After all the discussion about the part-time job I turned down, I’ve been thinking about what I’d do if I did need to return to work at some point. The first thing that came to mind was, Holy crap, what would I wear? The last two agencies I worked for allowed me to wear jeans, so I basically wore a t-shirt (with the company logo, at least), jeans, and sneakers or flip flops. I know how unprofessional that sounds, but it was SO NICE after a few years of wearing dress clothes! However, I know that most workplaces want their employees to look decent.
The fact is, if my situation gets bad enough for me to leave self-employment (even if it’s only part time), I probably won’t have the money to buy a whole new work wardrobe. After all, you get a job because you need money, not because you have too much of it! Yet none of my old dress clothes fit me now, so I’d have to find a solution.
When I got my first job out of graduate school, I was in the middle of filing for bankruptcy. There was no way I had money to go shopping for clothes! Since the dress code was business casual, though, I knew I had to figure out a way to build a basic work wardrobe without spending a lot of money – exactly what I’d need to do this time around.
Since pants are the most basic (and boring) part of an outfit, that’s where I started.
Men could probably get away with wearing the same khaki pants every day for a week without anyone noticing. Unfortunately, it doesn’t quite work that way for women. For peace of mind, I allowed myself four pairs of pants for work (all of which came from Walmart or Target):
- One pair of black
- One pair of brown
- One pair of gray
- One pair of khaki
Obviously I had to repeat a pair of pants each week – I wore the black pants on Mondays and Thursdays (to space them out as much as possible) because black is one of the least noticeable colors. The khaki pants were for casual Fridays. This was the most expensive part of my work wardrobe at about $70, though I could have done better by shopping sales.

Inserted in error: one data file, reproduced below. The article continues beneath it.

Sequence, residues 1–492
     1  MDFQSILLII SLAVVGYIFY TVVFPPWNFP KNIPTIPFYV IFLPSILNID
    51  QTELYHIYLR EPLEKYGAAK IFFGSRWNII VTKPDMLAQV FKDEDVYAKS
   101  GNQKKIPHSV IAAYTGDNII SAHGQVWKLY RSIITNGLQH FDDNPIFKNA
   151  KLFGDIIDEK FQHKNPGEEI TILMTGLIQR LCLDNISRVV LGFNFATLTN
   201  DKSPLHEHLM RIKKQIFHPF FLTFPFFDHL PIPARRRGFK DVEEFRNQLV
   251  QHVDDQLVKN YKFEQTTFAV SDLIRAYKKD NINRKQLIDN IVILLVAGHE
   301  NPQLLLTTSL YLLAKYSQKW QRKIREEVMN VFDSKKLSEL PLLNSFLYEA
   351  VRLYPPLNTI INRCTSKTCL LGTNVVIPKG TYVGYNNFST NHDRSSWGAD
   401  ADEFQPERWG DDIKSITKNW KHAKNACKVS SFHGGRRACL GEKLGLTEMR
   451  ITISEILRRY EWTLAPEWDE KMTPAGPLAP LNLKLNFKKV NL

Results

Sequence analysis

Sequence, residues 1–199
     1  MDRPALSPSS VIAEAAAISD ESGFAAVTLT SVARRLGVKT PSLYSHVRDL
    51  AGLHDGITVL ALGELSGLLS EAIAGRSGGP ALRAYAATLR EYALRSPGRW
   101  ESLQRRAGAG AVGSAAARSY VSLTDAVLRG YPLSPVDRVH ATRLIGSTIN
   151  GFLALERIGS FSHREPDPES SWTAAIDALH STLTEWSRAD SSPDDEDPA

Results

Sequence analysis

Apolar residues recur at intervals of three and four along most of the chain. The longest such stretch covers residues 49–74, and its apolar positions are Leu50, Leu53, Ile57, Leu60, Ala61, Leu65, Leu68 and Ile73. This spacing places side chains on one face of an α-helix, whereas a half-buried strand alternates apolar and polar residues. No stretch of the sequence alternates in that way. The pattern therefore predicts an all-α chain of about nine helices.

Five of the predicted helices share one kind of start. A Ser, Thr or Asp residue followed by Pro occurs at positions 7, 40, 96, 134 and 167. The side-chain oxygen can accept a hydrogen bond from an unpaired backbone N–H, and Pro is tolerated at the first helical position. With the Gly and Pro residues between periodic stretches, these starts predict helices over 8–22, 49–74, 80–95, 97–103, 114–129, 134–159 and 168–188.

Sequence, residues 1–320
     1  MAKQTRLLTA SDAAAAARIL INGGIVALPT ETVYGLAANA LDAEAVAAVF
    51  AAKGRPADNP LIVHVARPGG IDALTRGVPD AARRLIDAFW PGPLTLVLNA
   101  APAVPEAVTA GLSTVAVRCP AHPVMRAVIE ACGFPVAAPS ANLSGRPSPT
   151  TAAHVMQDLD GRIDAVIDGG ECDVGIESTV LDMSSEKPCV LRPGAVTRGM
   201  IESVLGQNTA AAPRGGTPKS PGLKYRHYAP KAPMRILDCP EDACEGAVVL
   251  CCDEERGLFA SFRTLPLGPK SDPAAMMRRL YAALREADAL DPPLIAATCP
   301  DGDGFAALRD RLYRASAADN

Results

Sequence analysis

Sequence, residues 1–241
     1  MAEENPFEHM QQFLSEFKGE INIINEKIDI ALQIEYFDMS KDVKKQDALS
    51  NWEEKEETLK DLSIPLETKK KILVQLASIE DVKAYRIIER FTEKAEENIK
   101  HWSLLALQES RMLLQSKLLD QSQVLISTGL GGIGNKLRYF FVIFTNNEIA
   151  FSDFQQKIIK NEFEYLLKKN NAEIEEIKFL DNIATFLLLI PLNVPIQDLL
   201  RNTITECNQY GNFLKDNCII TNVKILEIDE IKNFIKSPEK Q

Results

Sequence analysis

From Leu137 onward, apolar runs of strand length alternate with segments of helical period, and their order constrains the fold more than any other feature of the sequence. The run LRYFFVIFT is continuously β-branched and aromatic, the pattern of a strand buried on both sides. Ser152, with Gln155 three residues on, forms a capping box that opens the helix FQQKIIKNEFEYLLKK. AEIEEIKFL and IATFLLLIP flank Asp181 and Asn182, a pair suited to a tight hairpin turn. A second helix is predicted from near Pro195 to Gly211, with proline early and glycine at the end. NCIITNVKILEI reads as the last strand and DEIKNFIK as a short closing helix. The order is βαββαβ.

Shirts are great because (1) they’re relatively cheap, (2) they can go with multiple pant colors, and (3) people don’t really remember them unless they have a distinct pattern. When I was building my initial wardrobe for work, I bought 12 shirts (not counting a few I already had that were appropriate for work):
- 4 short-sleeved
- 4 long-sleeved
- 4 sweaters
Almost all the shirts I bought were in solid colors. That way I could mix and match them with my pants, and/or layer the short-sleeved shirts underneath. I went to multiple stores for these, including a killer sale at Old Navy, and only spent $55.
As a shoe addict, this part was easy for me at the time. I had two pairs of flats – brown and black. I wore the black shoes with my black and gray pants, and the brown flats with the brown and khaki pants. I also had boots in brown and black for winter, as well as other shoes that worked depending on what shirt I wore. I did spend $10 on trouser socks, 4 pairs in black and 4 pairs in nude.
This is where you can have fun with an otherwise plain wardrobe. Scarves, jewelry, belts, and even nail polish are super cheap ways to make your work clothes look more put together. Fun fact: I have a black sweater that I LOVE, but when I used to wear it to work, no one ever mentioned it. The first time I wore it with a scarf, everyone was chasing me down to say, “Cute sweater!” Just more proof that accessories make a difference. 🙂
When I built my first work wardrobe, I didn’t spend any money on accessories – I just used what I already had.
Total Wardrobe: $135
Until I started receiving regular paychecks, I wore the heck out of my $135 work wardrobe. I planned ahead on a printed monthly calendar so that all my shirts would be spread out – heaven forbid someone realize how few clothing items I owned!
Every payday, I would add a shirt or two to stretch my wardrobe further. Eventually, I had enough basics to begin adding decent pieces that would last longer. By the time I got a job that allowed jeans, I had a huge work wardrobe that honestly didn’t cost much money. I’m just sad that none of it would fit me now if I end up getting another job!
How did you build your first work wardrobe? Any tips for places to shop, items to buy, or mistakes to avoid?